WASHINGTON — Congressman Ted Lieu (D-Calif.) hailed the April 8 announcement that Los Angeles Air Force Base will be the permanent home of the U.S. Space Force procurement command. 

“I’m very excited that Space Systems Command will be located at Los Angeles Air Force Base,” Lieu told SpaceNews. “Rep. Ken Calvert and I have been working on this issue for a long time.”

Calvert (R-Calif.) and Lieu lead the House Aerospace Caucus and for years have fought back efforts to downsize military installations in Southern California. 

The Space Force on Thursday announced plans to stand up a new organization, the Space Systems Command, to oversee space technology development and procurement. The SSC would absorb the Space and Missile Systems Center, a 67-year-old organization based at Los Angeles Air Force Base, in El Segundo, California.

The news was especially welcomed by Lieu, who represents that district and also has performed Air Force Reserve duty at the Space and Missile Systems Center, or SMC.

Soon after the Trump administration directed the Pentagon to draw up plans to establish the U.S. Space Force, Lieu and Calvert reached out to DoD and Air Force leaders to make the case that SMC should not be closed or moved.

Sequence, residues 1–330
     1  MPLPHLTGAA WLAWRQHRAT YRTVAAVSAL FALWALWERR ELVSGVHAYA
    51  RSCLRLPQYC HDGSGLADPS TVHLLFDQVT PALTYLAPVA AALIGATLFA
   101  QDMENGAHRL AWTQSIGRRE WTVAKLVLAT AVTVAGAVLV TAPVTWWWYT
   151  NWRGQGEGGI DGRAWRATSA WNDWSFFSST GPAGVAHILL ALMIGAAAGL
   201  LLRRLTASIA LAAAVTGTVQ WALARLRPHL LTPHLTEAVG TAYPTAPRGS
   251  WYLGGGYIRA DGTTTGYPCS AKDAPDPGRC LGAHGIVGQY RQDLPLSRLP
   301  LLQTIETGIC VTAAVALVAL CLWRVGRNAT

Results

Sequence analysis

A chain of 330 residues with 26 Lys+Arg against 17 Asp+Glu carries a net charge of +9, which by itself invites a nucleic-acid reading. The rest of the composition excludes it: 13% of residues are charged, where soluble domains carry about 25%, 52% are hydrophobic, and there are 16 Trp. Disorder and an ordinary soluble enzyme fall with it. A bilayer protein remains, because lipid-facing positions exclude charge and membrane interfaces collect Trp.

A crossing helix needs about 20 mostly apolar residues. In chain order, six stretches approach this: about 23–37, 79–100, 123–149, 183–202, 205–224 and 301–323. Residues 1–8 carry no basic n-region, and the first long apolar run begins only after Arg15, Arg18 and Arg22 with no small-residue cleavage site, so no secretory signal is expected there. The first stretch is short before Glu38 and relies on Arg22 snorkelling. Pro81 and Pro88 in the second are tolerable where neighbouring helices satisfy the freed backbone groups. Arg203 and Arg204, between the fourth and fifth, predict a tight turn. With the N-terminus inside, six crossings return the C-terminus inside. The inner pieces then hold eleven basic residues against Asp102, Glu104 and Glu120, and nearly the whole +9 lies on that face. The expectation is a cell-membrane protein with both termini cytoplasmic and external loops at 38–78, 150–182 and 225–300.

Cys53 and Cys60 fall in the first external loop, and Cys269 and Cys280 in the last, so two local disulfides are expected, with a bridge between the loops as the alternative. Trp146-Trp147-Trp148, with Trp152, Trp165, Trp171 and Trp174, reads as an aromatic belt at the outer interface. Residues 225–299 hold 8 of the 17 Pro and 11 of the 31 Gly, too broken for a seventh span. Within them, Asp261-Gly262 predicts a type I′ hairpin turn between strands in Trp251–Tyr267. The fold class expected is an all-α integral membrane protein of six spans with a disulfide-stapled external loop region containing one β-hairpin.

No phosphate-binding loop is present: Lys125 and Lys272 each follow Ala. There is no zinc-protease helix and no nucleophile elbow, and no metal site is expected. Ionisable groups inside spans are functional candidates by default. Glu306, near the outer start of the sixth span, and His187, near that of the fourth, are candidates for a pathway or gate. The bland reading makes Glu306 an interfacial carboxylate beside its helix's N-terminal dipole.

“When the Space Force was announced, our first priority was to keep SMC from being relocated,” Lieu said. “I’m thrilled to see SMC not only is not going to move but that Space Systems Command is going to have many more missions.”

SMC is a campus-like facility at Los Angeles Air Force Base, which has no runways or airplanes. The base since the 1990s has survived several rounds of nationwide base closures.

“It routinely has been looked at and targeted,” said Lieu. Now that the Space Force has chosen Los Angeles for its acquisitions command, the installation will not be at risk of being closed.

SMC has a $9 billion annual budget and a workforce of about 6,300 military, civilian personnel and contractors. The Air Force estimated it contributes $1.8 billion annually to the local economy.

“It’s very difficult to recreate the aerospace and space ecosystem in Southern California in another location,” Lieu said. He noted that major companies that work with SMC — Aerospace Corp., Raytheon, Northrop Grumman, Boeing, SpaceX — have facilities nearby.

Lieu said the Space Force does not currently have plans to expand its workforce in Los Angeles but that could change. “So far it’s been quite lean,” he said. “At the same time space is one of those areas where the U.S. is simply going to have to invest more because our competitors are gaining in space,” Lieu added. “With every passing day space becomes more important  both for private and public sector, for national security and our commercial businesses.”

Sandra Erwin writes about military space programs, policy, technology and the industry that supports this sector. She has covered the military, the Pentagon, Congress and the defense industry for nearly two decades as editor of NDIA’s National Defense...